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Do you offer photo/negative/slide scanning and/or photo restoration in your shop?

Discussion in 'Photography Issues' started by FramerKat, Apr 14, 2016.

  1. FramerKat

    FramerKat CGF II, Certified Grumble Framer Level 2

    I am curious about this, as since we have just opened and are trying to draw business. I have done one photo restoration job and just picked up a pretty huge slide/negative scanning job. It's a very complimentary thing to framing, as most would want their restored images framed nicely.

    I don't have the optimal setup for slide & negative scanning, so it's pretty labor intensive, but I've found that my old workhorse Epson v500 does the job quite nicely. I am able to give the client some decent resolution for later display or printing while still keeping the pace up in my workflow. At least the scanner does 4 slides or 10 35mm negative frames at a time ;).
  2. troyveluz

    troyveluz MGF, Master Grumble Framer

    I offer photo restoration and negative/slide scanning. Yes they are labor intensive but I charge accordingly. I also have an Epson V500, Photoshop and a 24" Wacom Cintiq for photo restoration
    There are times when a customer bulks at my price, I tell them it might be more cost effective for them if they buy a scanner and scan the slides themselves or restore the photos themselves.
    I tell them what software and scanner to use. Someone wise once told me, "You either pay with your time or you pay with your money"
    Carmichael, skye and FramerKat like this.
  3. DVieau2

    DVieau2 PFG, Picture Framing God

    30 years in photofinishing makes me a tech snob when it comes to negatives and slides. Prints are a different story.

    You just can't get quality results with a flat bed scanner. Dedicated Film scanners are fast, efficient and expensive.

    Find a local photolab that still prints 35mm negatives and ask them to digitize (and maybe a make a cheap print). Have them burn a disc and take the scan home and go to work.

    My $130,000. Agfa printer/scanner made excellent negative and slide scans and for $6.50 I could burn a disc if you purchased 32 cent prints.

    Separately I would charge $1.00 per strip per scan.

    Don't let the clerk at Walmart deliver a superior product at a fraction of the price you offer.

  4. FramerKat

    FramerKat CGF II, Certified Grumble Framer Level 2

    Actually, the Epson v500 is plenty for a job like this. If they need higher resolution, I would certainly job it out someone who has the higher end scanner. This particular job is simply archiving the images digitally for the client.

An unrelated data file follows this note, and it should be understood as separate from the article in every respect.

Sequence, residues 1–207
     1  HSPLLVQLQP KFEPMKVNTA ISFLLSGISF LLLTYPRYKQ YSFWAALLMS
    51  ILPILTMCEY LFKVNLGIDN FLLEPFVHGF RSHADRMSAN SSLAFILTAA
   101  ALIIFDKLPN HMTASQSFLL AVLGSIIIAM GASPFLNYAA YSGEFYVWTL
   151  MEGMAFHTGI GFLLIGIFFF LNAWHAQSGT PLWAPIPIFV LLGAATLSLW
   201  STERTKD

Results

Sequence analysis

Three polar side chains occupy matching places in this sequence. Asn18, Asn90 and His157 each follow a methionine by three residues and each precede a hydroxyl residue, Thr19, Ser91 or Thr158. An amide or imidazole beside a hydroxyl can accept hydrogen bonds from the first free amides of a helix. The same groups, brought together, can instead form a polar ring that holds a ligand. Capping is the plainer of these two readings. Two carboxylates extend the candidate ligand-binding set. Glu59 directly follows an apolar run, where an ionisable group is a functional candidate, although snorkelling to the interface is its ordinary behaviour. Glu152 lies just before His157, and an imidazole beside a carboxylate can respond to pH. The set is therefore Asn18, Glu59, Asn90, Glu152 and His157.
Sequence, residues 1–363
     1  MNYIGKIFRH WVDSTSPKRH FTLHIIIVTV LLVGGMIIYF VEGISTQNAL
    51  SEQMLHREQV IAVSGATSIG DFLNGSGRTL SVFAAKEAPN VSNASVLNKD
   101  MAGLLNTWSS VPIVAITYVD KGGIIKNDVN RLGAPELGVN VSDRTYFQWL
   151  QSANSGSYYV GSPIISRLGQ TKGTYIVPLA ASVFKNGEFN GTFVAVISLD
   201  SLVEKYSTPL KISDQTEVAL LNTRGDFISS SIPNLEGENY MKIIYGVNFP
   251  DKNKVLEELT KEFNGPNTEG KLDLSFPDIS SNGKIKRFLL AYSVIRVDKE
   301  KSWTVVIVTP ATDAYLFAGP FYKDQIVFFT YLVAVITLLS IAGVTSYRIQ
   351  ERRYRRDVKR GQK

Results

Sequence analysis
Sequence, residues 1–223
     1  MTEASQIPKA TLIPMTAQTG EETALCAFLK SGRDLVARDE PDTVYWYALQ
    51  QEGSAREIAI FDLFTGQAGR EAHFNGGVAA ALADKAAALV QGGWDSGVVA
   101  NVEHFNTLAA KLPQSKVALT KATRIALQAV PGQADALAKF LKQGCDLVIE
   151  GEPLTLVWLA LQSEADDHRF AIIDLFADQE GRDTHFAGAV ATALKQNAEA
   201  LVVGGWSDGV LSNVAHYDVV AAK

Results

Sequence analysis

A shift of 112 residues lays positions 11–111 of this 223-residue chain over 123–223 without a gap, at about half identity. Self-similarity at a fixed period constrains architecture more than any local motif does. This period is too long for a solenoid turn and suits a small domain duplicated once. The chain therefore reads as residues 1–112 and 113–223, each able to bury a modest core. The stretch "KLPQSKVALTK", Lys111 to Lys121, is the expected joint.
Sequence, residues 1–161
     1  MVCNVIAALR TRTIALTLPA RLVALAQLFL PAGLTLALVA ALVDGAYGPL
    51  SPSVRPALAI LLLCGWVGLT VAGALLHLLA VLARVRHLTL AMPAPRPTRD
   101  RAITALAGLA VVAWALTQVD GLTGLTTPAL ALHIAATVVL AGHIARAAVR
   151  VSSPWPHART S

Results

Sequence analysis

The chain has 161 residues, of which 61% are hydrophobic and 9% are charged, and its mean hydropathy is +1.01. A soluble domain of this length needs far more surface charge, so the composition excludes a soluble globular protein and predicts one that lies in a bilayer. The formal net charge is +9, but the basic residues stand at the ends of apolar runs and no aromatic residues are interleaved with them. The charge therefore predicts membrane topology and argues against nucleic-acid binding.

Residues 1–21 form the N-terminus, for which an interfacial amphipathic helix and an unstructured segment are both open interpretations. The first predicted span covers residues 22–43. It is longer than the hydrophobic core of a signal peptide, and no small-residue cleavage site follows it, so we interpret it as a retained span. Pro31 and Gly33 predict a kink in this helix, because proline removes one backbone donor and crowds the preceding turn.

It's just nice to be able to offer a complimentary service to the custom framing, and since I have the equipment, time, and capability, why not? ;)
    skye likes this.
  5. DVieau2

    DVieau2 PFG, Picture Framing God

    It's not just an issue of high or higher resolution. The numbers are almost meaningless.

    It's the ability to capture the dynamic range to get detail in shadows and highlights.

    I know some will argue that it's good enough but again its a place where an unskilled worker with the right equipment can offer better quality at a better price.

    I still have a Nikon 5000 for scanning film and slides and it does a pretty god job but not as good as my retired Agfa printer/scanner.

  6. FramerKat

    FramerKat CGF II, Certified Grumble Framer Level 2

    Actually, before I purchased the v500, I looked at comparisons to pro lab drum scans...it held up very well with comparisons of highlight and shadow detail, not quite as good of course, but for the price and ease of use, pretty well. But then, these are tools just like anything else, and the operator is going to make most of the difference.
  7. stcstc

    stcstc SGF, Supreme Grumble Framer

    what kinda dMax does your agfa produce?

    my epson have 4.0 or 4.2 Dmax. yea you will get a little more out of for example a hassie virtual drum scanner, but less than 1k compared to 20k i don't think the difference justifies the cost, especially if you producing prints at less than A3
    FramerKat likes this.
  8. IFGL

    IFGL SGF, Supreme Grumble Framer

    I must say the newer epson scanners are outstanding for the price.
    FramerKat likes this.
  9. DVieau2

    DVieau2 PFG, Picture Framing God

    I don't know what the now defunct Agfa D1 produced. The Nikon is rated at 4.6 but as I said earlier the numbers are often meaningless.

    High d-max is usually a measure used in printing and scanning positive images. You might get a very dark black but if the shadows are nothing but digital noise the results are poor.

    Negatives have a long dynamic range and it's hard to capture.

    The Epson Scanners are very good scanners.

    The results from scanning larger format (120 or larger) is better than 35mm on a flatbed.

    I used to have a flat bed Agfa Duoscan that did a very decent job with 120 negs. Had to scrap it when SCSI interface became impossible to work with.

    Technology on film scanners has kind of come to a standstill. Fewer and fewer people have a need for neg scanning these days.

  10. stcstc

    stcstc SGF, Supreme Grumble Framer

    agree doug

    i understand the number mean nothing but are a good place to start comparisons, not the end of it, but a hint

    yea deff better at 120 etc. i rarely scan 35 stuff for print, normally 120 and above

    the 35 stuff i do tends to be for audio visual shows in visitor centres where the results from the epson are seriously more than enough
    FramerKat likes this.
  11. wpfay

    wpfay Angry Badger

    Yes, we scan and clean up in PS and print. My employee that manages that is a photographer with pretty good eyes, so I simply turn that over to him. We also have a flatbed Epson scanner (he picked it out), and he has a Nikon D810 to shoot pieces that are larger than the 8.5 X 11 flat bed. The net result is that the customers are normally thrilled with the results and order multiple prints for family members.
    FramerKat likes this.
  12. artfolio

    artfolio SGF, Supreme Grumble Framer

    I have Photoshop Elements and on a couple of occasions I have successfully scanned and cleaned up damaged photos for customers. The worst one was a graduation photo which had been left exposed in a cardboard presentation folder and was covered with fly specks.

    I scanned it with my home grade Canon flatbed scanner, which has a maximum resolution of 600DPI, dealt with the spots then saved the file onto a stick and printed it at a local photo shop. The end result was a pretty good 8 x 10 and a very happy customer. No doubt a pro using a better scanner could have done better but framed and hung on a wall under normal domestic lighting my effort was more than good enough.